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The arts have played a major role in the development of management theory, practice, and education; and artists’ competencies like creativity, inventiveness, aesthetic appreciation, and a design mindset are increasingly vital for individual and organizational success in a competitive global world. The arts have long been used in teaching to: (a) explore human nature and social structures; (b) facilitate cognitive, socioemotional, and behavioral growth; (c) translate theory into action; (d) provide opportunities for professional development; and (e) enhance individual and systemic creativity and capacities for change. Use of literature and films are curricular mainstays. A review of the history of the arts in management teaching and learning illustrates how the arts have expanded our ways of knowing and defining managerial and leadership effectiveness—and the competencies and training necessary for them. The scholarship of management teaching is large, primarily ‘how-to’ teaching designs and the assessments of them. There is a clear need to expand the research on how and why the arts are and can be used more effectively to educate professionals, enable business growth and new product development, facilitate collaboration and team building, and bring innovative solutions to complex ideas. Research priorities include: the systematic assessments of the state of arts-based management teaching and learning; explorations of stakeholder attitudes and of environmental forces contributing to current educational models and practices; analyses of the learning impact of various pedagogical methods and designs; examining the unique role of the arts in professional education and, especially, in teaching for effective action; mining critical research from education, psychology, creativity studies, and other relevant disciplines to strengthen management teaching and learning; and probing how to teach complex skills like innovative thinking and creativity. Research on new roles and uses for the arts provide a foundation for a creative revisiting of 21st-century management education and training.

Article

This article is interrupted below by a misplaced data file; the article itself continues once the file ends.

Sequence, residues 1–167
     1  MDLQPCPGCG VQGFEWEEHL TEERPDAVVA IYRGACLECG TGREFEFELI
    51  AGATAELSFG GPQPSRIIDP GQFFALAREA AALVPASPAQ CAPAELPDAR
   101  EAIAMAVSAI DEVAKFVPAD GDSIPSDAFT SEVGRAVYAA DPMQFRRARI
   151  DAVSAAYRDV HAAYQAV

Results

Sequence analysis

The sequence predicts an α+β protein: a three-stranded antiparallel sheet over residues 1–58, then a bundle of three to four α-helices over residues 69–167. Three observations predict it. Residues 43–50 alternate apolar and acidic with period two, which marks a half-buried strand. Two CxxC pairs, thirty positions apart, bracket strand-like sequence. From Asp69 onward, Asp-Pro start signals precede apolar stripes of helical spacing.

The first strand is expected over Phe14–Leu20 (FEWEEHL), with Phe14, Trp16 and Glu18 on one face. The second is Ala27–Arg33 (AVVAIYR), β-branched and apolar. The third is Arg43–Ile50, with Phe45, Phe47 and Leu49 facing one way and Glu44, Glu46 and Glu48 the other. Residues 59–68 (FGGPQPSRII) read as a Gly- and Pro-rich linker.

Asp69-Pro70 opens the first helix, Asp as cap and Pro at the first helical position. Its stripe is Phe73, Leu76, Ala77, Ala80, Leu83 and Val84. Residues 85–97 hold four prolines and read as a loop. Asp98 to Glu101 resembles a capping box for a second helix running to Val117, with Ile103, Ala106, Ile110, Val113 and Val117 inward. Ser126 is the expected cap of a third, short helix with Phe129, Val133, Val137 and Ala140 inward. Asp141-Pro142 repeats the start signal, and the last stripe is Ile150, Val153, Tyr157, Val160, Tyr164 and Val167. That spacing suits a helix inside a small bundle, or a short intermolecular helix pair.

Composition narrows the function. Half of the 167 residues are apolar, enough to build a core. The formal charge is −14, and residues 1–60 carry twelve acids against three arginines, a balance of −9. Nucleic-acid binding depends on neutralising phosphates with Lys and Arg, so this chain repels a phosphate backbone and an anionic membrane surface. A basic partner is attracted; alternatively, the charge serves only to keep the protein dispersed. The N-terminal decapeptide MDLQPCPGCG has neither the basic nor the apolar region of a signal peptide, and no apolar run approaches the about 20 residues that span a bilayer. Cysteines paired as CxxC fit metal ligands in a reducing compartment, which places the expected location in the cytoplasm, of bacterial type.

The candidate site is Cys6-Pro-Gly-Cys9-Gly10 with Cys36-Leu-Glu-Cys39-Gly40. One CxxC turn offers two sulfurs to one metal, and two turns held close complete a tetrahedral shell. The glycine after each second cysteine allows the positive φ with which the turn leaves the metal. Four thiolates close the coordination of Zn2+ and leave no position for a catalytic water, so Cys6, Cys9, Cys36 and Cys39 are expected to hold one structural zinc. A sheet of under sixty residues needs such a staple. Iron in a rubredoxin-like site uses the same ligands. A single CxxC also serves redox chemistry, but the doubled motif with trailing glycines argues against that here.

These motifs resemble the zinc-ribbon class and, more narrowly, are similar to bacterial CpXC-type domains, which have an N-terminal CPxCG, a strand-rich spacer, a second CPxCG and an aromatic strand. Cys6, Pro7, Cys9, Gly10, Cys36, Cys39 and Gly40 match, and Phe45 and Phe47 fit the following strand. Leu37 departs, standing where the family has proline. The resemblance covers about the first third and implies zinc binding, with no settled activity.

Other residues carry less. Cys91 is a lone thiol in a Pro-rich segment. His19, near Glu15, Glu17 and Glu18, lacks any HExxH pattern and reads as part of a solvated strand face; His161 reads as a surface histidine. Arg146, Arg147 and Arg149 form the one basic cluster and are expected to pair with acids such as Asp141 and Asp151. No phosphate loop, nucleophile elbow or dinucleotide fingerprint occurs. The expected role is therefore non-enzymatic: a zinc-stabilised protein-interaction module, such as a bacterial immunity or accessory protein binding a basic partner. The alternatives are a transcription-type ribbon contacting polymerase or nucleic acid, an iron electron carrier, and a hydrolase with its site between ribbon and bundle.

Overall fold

Institutional logics shape how actors interpret and organize their environment. Institutional logics include society’s structural, normative, and symbolic influences that provide organizations and individuals with norms, values, assumptions, and rules that guide decision-making and action. While institutional logics influence individuals and organizations, they do not exist/form in a vacuum, but rather are instantiated in the practices and patterned behaviors of actors who act as carriers of logics in specific contexts. Given the dynamic interaction between institutional logics and individual/organizational actors, research has begun to explore the micro-level processes that influence institutional logic changes to help explain how and why those who are shaped by an institution enact changes in the very context in which they are embedded. Thus, the formation and changing of institutional logics involve precipitating action—which can include entrepreneurial action. Entrepreneurial action—especially in moments of crisis (e.g., when there is a disruptive event, natural disaster, or external feature that disturbs the status quo), can function as a micro-foundation for institutional logic shifts. An entrepreneurship model of dominant logic shifts therefore reveals how crises induce sensemaking activities that can influence shifts in how actor’s see the world, which in turn motivates the pursuit of entrepreneurial opportunities. Significant disruptions, such as environmental jolts, have a triggering effect in enabling individuals to problematize previously held beliefs and logics, allowing them to temporarily “step out of” status quo institutional logics. With prior beliefs and logics problematized, individual decision-makers become open to seeing new interpretations of their surroundings as it is and as it could be. Therefore, actors shift their dominant way of seeing the world (e.g., dominant logic) and then enact this new logic through ventures that, ultimately, can shift and alter institutional-level logics. Therefore, an entrepreneurship model of dominant logic shifts serves as an explanation for how broader institutional logics may shift as a result of the interaction between entrepreneurial action and the environment following a major disruption.